Monday, January 21, 2013

Multiple Renderers in Three.js

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I ended yesterday's attempt at getting multiple Three.js scenes working with no visual output and a rather obnoxious error:
WebGL: CONTEXT_LOST_WEBGL: loseContext: context lost
Today I think to check the actual source of the exception and find:

Actually, that is not a big deal. This is just caused when I drop a preview page so that a new one can be created. To be sure, I need to get rid of this—kids working through 3D Programming for Kids should not have to see this. But really, this is OK—it is likely something new in Chrome 26.

But that still leaves me with no visual output in my Phases of the Moon project. From yesterday, I am currently attempting to clone everything from my first scene into my second scene:
  // ...
  var moon_orbit = new THREE.Object3D();
  moon_orbit2 = moon_orbit.clone();
  moon.position.set(0, 100, 0);
I ended yesterday by trying to comment everything out relating to the first scene just to get the new "picture-in-picture" overlay scene rendered. While fiddling around with re-enabling the main scene, I start taking notice of the litany of error messages that Three.js is spewing my way. Although there are many, they may actually be telling me something useful:
WebGL: INVALID_OPERATION: useProgram: object not from this context
WebGL: INVALID_OPERATION: uniformMatrix4fv: location is not from current program
WebGL: INVALID_OPERATION: uniform3f: location not for current program
WebGL: INVALID_OPERATION: uniform1f: location not for current program
WebGL: INVALID_OPERATION: uniform3fv: location is not from current program
This would seem as though I am including something from the first scene in the second, which is a no-no.

To test this theory out, I delete all of the scene-2 code. I again have the Moon revolving around the Earth in the main scene with an empty picture-in-picture overlay:

This time, I start by adding nothing but new objects to the scene that will go in that overlay:
  var scene2 = new THREE.Scene();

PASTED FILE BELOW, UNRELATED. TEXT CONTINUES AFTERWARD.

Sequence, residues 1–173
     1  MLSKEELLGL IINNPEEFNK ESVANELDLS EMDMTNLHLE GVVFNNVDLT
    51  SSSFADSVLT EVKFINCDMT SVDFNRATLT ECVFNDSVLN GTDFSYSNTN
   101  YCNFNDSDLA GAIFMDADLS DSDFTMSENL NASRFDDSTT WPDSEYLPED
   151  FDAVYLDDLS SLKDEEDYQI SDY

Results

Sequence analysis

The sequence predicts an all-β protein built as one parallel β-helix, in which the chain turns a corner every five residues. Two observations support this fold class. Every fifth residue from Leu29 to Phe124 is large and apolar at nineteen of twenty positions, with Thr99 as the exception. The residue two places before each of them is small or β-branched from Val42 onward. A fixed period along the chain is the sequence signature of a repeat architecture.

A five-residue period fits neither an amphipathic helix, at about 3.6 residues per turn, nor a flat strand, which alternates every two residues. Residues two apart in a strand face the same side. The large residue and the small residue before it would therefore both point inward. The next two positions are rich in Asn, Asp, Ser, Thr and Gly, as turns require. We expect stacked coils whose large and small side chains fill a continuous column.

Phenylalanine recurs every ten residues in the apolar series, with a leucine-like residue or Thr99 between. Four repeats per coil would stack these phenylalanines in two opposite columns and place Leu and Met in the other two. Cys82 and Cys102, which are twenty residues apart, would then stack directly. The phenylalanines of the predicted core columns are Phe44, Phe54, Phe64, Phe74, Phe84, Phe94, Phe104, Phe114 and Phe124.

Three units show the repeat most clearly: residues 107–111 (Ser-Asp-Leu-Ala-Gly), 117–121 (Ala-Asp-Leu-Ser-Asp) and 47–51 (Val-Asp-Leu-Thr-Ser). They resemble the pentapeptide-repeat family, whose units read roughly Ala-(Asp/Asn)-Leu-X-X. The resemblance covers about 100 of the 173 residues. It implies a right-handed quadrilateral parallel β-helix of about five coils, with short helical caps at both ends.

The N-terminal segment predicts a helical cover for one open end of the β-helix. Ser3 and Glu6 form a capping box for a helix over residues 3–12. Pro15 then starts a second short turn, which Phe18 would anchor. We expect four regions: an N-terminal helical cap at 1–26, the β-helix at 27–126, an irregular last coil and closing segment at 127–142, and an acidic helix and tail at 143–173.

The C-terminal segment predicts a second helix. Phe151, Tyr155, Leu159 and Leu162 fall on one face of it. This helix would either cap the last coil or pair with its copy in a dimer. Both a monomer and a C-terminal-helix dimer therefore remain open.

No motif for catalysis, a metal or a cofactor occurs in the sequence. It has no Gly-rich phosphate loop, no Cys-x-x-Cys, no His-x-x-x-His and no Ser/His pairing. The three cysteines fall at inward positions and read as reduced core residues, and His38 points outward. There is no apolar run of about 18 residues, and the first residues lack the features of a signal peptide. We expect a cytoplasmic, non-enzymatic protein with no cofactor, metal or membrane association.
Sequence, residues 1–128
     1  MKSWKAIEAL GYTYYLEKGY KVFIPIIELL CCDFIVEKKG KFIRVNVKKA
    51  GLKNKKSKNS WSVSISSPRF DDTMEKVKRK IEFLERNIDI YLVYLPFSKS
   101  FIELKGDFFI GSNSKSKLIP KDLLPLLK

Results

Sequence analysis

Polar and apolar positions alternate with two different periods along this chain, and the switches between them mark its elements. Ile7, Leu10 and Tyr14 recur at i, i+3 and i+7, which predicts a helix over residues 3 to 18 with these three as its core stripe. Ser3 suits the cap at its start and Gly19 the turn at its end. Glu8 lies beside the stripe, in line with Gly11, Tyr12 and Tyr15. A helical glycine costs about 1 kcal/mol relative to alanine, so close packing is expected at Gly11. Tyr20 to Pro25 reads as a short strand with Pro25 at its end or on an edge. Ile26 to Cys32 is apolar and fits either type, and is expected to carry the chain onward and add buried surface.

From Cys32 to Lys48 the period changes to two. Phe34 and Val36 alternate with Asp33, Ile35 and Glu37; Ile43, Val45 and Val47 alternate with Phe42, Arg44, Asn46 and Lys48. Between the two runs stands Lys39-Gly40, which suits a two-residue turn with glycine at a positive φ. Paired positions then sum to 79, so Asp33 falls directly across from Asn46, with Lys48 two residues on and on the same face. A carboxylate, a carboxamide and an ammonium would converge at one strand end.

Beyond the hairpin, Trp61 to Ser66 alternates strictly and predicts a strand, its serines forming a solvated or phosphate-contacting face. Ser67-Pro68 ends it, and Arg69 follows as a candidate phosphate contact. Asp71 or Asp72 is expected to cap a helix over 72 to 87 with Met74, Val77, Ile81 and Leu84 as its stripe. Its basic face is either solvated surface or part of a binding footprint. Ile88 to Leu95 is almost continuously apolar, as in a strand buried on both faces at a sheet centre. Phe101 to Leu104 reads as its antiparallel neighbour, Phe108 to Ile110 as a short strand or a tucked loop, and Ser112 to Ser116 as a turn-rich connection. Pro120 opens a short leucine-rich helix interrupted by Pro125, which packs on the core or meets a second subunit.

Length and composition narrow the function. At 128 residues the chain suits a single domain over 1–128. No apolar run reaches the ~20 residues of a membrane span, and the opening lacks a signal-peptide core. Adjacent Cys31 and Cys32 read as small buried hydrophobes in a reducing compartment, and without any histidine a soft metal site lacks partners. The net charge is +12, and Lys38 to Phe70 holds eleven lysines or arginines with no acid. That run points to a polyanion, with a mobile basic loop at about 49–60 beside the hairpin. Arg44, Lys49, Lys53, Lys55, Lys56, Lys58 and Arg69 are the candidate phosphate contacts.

var renderer2 = new THREE.WebGLRenderer();
  renderer2.setSize(250, 250);
  var directionalLight = new THREE.DirectionalLight( 0xffffff, 5 ); 
  directionalLight.position.set( -1, 0, 0 ); 
  scene2.add( directionalLight );

  var cam2 = new THREE.OrthographicCamera( -125, 125, 125, -125, 1, 1e6 );
  var surface = new THREE.MeshPhongMaterial({ambient: 0x1a1a1a, color: 0xffffff});
  var planet = new THREE.SphereGeometry(15, 30, 25);
  var moon2 = new THREE.Mesh(planet, surface);

  function animate2() {
    renderer2.render(scene2, cam2);
And... it works!

I now have two different WebGL renderers sending two different scenes to two different DOM elements:

If I try to replace the completely new moon2 definition with yesterday's moon.clone(), then I again get the "not from this context/program" WebGL errors. So cloning is out, which makes it much more difficult, thought not impossible to get two different views.

I take a little time to recreate the Moon's orbit around the Earth and the Earth's positioning relative to the center of the Solar System. With that, I am ready to copy the rotation of the Moon's orbit from the main animation thread:
  function animate2() {
    renderer2.render(scene2, earth_cam2);
    moon_orbit2.rotation.set(0, 0, moon_orbit.rotation.z);
And I have an accurate picture-in-picture representation of my scene. Two different scenes, two different cameras showing at the same time:

The runnable, editable code that does this is available.

Day #637

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